Like pretty much everyone I appreciate Apple's hardware and industrial design choices - however I'm not fond of the direction that Mac OS has taken since Lion and there are too many compromises involved in running Windows on a Mac.
There are some nice hardware options when it comes to Windows laptops (such as the Dell XPS 13 or the Lenovo Carbon X1) but Windows 8 is a bizarre OS and if quality Windows 8 "Metro" apps don't start coming out soon then the whole new start screen environment will be utterly pointless - at least on non-touch enable laptops - it definitely offers utility in tablets and hybrid devices but the dearth of quality native apps remains an issue.
Speaking of touch, while this isn't a must have on the Pixel it is definitely a nice-to-have and there has been a lot of discussion in the UI/UX field about the impact of touch interfaces on the web in general that has led to trend in overall more touch friendly site design and this will likely continue making this a good decision by Google.
It's really ultimately a choice about having what is among the best hardware available, especially the screen, which is the single most important element as it is how we interact with the web and the fact that the keyboard and trackpad are great too (which is the case on the 550 as well) sweetens the deal irresistibly .
Good to know about MOG - the issue with it as a service is that I travel a lot and unlike Spotify Premium, which works everywhere in the world, MOG is limited, I believe, to US IP addresses.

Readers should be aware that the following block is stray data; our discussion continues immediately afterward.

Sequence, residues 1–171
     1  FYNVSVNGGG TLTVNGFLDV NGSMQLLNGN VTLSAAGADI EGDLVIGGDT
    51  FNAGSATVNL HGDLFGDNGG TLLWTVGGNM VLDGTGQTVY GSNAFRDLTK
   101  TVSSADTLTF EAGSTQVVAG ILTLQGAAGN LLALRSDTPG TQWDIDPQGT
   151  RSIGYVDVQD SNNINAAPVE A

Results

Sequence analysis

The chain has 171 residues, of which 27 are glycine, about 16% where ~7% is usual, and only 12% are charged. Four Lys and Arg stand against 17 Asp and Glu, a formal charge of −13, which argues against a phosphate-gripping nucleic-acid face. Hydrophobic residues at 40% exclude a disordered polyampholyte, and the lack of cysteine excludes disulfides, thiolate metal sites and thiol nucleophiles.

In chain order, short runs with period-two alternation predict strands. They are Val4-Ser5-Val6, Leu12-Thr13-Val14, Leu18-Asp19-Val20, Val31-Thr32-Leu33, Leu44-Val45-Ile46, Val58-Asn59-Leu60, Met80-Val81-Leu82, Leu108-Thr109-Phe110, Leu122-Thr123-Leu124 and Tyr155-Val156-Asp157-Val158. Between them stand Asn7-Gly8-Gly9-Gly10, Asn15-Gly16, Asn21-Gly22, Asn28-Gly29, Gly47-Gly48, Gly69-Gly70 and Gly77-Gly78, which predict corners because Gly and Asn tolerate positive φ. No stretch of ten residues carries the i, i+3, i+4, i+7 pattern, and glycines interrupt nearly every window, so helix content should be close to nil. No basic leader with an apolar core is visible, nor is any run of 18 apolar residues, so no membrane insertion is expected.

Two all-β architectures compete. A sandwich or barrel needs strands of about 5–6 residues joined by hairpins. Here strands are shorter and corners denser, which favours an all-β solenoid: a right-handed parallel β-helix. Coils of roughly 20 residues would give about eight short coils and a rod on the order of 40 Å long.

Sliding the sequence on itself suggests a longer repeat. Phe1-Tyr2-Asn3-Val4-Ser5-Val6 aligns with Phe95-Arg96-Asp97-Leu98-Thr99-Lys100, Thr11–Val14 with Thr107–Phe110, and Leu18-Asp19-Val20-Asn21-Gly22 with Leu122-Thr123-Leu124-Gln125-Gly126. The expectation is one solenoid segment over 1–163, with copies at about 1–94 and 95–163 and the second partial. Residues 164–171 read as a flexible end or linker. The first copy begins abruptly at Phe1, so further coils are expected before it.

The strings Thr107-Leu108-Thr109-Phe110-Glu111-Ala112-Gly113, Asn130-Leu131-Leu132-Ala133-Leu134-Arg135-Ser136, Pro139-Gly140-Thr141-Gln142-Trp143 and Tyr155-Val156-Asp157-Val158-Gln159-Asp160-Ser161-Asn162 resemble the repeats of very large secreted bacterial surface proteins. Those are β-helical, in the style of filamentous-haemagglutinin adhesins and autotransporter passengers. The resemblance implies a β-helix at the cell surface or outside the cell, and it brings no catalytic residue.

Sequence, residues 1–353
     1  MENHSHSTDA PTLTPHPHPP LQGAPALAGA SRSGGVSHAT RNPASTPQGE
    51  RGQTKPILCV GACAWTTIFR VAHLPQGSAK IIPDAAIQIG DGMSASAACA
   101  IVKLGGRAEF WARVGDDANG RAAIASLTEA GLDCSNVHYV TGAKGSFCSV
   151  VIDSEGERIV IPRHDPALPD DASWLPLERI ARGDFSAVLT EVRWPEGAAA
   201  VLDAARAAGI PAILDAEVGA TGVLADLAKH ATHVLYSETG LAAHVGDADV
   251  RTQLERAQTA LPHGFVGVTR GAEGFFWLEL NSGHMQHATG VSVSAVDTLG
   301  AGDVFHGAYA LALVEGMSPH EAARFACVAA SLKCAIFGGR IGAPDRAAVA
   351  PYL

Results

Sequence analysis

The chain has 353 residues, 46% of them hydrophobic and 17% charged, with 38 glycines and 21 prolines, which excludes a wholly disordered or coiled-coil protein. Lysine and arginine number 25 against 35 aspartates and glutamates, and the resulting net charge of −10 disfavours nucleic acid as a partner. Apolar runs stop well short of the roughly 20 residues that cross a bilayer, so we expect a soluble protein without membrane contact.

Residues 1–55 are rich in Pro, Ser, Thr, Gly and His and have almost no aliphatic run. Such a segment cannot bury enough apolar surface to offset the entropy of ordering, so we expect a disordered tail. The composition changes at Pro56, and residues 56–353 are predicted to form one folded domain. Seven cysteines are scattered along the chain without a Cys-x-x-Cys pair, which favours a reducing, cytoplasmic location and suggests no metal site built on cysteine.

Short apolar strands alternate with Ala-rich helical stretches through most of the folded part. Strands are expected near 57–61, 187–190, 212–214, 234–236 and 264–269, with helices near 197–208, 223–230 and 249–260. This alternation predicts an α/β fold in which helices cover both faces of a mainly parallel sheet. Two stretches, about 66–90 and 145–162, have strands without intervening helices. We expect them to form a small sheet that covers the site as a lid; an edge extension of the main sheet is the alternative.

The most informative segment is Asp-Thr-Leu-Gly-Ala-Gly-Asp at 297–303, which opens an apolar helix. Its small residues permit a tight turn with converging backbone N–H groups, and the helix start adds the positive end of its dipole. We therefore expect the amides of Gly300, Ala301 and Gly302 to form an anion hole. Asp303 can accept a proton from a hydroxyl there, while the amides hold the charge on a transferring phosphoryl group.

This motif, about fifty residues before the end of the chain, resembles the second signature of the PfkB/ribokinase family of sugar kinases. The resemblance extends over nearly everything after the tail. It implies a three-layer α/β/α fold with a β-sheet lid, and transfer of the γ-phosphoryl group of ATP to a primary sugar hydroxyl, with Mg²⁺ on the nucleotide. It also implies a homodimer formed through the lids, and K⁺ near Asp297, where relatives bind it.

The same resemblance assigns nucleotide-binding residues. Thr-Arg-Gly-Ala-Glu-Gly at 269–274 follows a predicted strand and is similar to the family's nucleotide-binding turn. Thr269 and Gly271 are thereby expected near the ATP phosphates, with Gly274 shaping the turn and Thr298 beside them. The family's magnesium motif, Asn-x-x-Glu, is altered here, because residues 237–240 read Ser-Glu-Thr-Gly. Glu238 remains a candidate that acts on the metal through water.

Re the touchscreen, per my point on a generally more touch friendly internet experience - this is an emerging trend and I'd say that over the course of the next year we're going to see it proliferate: bigger targets for things like check-boxes, more and bigger image based navigation, better text layouts, more white space, bigger buttons.
So the inclusion of a touchscreen is a forward looking move.
This is great as it addresses what for me had been a major issue in the past and adds just that much more utility to the platform.
Thanks to @kingofkats again for the tip.
Also, If my area got something akin to Google Fiber, I may be all over this, but as it sits I have a slow-ish capped data plan. 32Gb on the ssd does not leave too much room for caching, and I wouldn't be comfortable streaming all my media at this point.
The 13" retina mbp is soo close in price and can do a bunch more
Managing in Drive isn't very difficult. Especially if you install the Drive sync app on your computer. It's really easy to move stuff around just like any other folder on your computer.
They were cheap before, so maybe they could grab some tiny bit of the market, but now that Google's new Pixel is more expensive than a MacBook Air, and around the same price as a "13 MacBook Pro with Retina Display it just makes me wonder who the hell would buy one of these things??
If I worked mostly on the web or in the cloud then I'd prob use and iPad, and maybe buy a keyboard attachment if I really needed to type. Doing this brings the price closer to a MacBook Air, So I'd prob consider that. If I needed a high resolution display then I'd go for the MacBook. The MacBook bests this thing in specs, and seems to be capable of doing everything the Pixel can do, as well as more.
P.S. I suspect this machine is the product of a Chrome faction within Google. If they could actually make Chrome OS popular, I see big benefits for Google -- because, unlike Android, Chrome is a perfectly fine platform for the desktop search ads that pay Google's bills. I have argued elsewhere that Android is a revenue nightmare for Google, diverting people from the desktop to devices that generate very little ad money. Chrome, OTOH, keeps folks ON the desktop.
Personally? No. But, I can see how some might, due to getting 1TB of cloud storage free for 3 years (that comes out to $1799.64 if you were just to buy the storage with out the pixel. It's essentially a great deal for those who need that much cloud storage, and you get a free device to boot).